Hanwha Picks Up Stake In REC Silicon

Norway’s REC Silicon To Get Hanwha Solutions As 16.67% Stakeholder

Hanwha Picks Up Stake In REC Silicon

After its strategic partnership with Violet Energy failed to take off, REC Silicon has now secured Hanwha Solutions from South Korea to invest in the company which it hopes will reopen the Moses Lake, Washington fab (in the picture). (Photo Credit: REC Silicon ASA)

  • Hanwha Solutions is to acquire 16.67% stake in REC Silicon once the transaction completed in Q1/2022
  • The deal brings to Hanwha a local and stable polysilicon supply chain in the US where it already operates a 1.7 GW module fab
  • For REC Silicon, the deal opens up an opportunity to reopen its Moses Lake polysilicon fab

REC Silicon from Norway has secured Hanwha Solutions Corporation as a 16.67% stakeholder. The polysilicon manufacturer believes this brings enough resources to re-start its Moses Lake, Washington facility and enable investment opportunities for its fab in Butte, Montana.

For Hanwha, on the other hand, the investment worth NOK 964 million ($110 million) provides it a stable supply of polysilicon with a US value chain, for the company’s solar modules. Through its brand of Q Cells that touts a 10 GW total cell manufacturing capacity globally, South Korea based Hanwha Group has its own module production facility in the US with 1.7 GW annual capacity rolling out 12,000 modules a day.

Hanwha has agreed to acquire a stake in REC Silicon from existing investor Aker Horizons for NOK 438 million ($50 million). After the transaction completes in Q1/2022, Hanwha will hold a 16.67% stake in the polysilicon manufacturer.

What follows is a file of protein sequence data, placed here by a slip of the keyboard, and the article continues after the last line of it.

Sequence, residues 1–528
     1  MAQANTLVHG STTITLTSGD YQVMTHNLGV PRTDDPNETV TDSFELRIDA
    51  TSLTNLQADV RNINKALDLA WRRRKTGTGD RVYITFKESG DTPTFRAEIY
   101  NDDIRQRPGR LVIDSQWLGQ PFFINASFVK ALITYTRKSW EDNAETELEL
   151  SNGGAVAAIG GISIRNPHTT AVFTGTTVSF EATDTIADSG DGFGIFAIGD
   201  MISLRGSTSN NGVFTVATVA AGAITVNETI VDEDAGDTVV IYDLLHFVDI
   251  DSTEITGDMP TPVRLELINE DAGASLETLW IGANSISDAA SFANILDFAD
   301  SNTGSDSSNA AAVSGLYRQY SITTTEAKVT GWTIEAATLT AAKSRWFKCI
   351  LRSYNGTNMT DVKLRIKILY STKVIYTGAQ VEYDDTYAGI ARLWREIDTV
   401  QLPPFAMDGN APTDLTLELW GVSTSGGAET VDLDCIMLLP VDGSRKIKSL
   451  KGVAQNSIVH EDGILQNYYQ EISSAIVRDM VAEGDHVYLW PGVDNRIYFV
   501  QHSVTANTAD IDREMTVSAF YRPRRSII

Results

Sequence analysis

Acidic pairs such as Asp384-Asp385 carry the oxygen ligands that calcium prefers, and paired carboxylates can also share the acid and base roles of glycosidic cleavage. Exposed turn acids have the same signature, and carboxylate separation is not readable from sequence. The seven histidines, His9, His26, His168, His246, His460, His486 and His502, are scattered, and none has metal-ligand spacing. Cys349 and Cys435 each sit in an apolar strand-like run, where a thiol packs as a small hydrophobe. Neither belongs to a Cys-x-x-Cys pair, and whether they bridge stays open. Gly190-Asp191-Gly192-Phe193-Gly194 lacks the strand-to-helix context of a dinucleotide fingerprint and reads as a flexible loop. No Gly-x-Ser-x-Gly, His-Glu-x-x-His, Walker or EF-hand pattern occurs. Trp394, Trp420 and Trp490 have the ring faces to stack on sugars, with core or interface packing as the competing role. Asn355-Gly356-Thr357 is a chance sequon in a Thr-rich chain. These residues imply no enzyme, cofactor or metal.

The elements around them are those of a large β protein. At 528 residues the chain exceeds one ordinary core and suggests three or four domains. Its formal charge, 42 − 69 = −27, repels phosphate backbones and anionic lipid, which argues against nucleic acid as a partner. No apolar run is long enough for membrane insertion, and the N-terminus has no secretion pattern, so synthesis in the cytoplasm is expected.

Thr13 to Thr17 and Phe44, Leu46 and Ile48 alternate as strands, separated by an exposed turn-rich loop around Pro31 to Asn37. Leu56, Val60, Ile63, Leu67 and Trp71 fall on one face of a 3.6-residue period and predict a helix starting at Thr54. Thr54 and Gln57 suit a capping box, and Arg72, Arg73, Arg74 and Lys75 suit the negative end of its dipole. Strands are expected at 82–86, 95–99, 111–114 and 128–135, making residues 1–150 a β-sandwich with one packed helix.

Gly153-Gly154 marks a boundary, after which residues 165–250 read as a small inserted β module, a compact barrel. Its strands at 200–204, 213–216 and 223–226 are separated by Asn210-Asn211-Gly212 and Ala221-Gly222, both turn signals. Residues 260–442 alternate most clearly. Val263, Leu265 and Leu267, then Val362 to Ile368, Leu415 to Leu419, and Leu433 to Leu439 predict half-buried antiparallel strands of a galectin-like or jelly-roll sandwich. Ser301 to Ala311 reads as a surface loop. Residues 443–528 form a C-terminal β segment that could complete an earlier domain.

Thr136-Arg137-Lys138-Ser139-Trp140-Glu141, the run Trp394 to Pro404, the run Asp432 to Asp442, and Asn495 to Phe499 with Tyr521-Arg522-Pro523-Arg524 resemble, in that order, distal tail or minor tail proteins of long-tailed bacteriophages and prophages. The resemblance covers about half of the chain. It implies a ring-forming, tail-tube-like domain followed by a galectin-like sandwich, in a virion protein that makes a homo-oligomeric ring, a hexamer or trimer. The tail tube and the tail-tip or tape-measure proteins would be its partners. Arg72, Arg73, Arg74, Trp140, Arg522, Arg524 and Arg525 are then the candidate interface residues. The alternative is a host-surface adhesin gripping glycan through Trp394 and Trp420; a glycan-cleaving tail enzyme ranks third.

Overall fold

A joint statement from the companies refers to the Solar Energy Manufacturing Act (SEMA) that the US plans to adopt to encourage local PV manufacturing to say that, “The eventual passage of the legislation will support the parties’ ambitions to establish a comprehensive US solar value chain, from production of polysilicon to fully assembled solar modules.”

Proposed by US Senator Jon Ossoff, the SEMA act is targeted to provide tax credits to the domestic solar manufacturing industry, so it is in a better position to compete with Chinese manufacturers. Introduced in June 2021, the proposed act is supported by several companies, including Q Cells and REC Silicon (see US Senator Wants Tax Credit For Local Manufacturers).

REC Silicon’s Moses Lake fab has been out of business for long now due to the continued trade disputes between the US and China that restricts the Chinese market for the US based polysilicon producer. There was growing hope for the facility to restart after REC Silicon announced a strategic partnership with upcoming manufacturing company Violet Energy, trading as Violet Power in October 2020, however the partnership was called off by the Norwegian silicon company in April 2021 (see REC Silicon & Violet Power Partnership Terminated).

Recently, Hanwha Solutions took over 100% of the RES Group’s French Renewables Development Company (see Hanwha Q Cells To Acquire RES Group’s French Business).

About The Author

Anu Bhambhani

Anu Bhambhani is the Senior News Editor of TaiyangNews

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